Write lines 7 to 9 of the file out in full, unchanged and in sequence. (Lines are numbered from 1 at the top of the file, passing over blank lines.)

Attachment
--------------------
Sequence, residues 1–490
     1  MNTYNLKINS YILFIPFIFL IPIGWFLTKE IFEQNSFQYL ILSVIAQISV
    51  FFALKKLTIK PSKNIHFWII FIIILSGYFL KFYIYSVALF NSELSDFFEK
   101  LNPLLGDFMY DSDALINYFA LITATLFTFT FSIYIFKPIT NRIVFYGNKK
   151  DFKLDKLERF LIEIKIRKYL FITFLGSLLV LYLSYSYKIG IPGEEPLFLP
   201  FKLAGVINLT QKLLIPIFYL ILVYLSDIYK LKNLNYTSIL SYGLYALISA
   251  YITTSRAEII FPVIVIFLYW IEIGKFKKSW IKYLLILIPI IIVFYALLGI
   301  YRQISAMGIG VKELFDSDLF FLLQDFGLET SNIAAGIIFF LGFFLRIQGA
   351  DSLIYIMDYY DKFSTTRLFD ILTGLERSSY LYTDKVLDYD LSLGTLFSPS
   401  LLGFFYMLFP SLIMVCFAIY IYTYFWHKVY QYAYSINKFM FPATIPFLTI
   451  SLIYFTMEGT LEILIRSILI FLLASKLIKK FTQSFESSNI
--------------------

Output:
   251  YITTSRAEII FPVIVIFLYW IEIGKFKKSW IKYLLILIPI IIVFYALLGI
   301  YRQISAMGIG VKELFDSDLF FLLQDFGLET SNIAAGIIFF LGFFLRIQGA
   351  DSLIYIMDYY DKFSTTRLFD ILTGLERSSY LYTDKVLDYD LSLGTLFSPS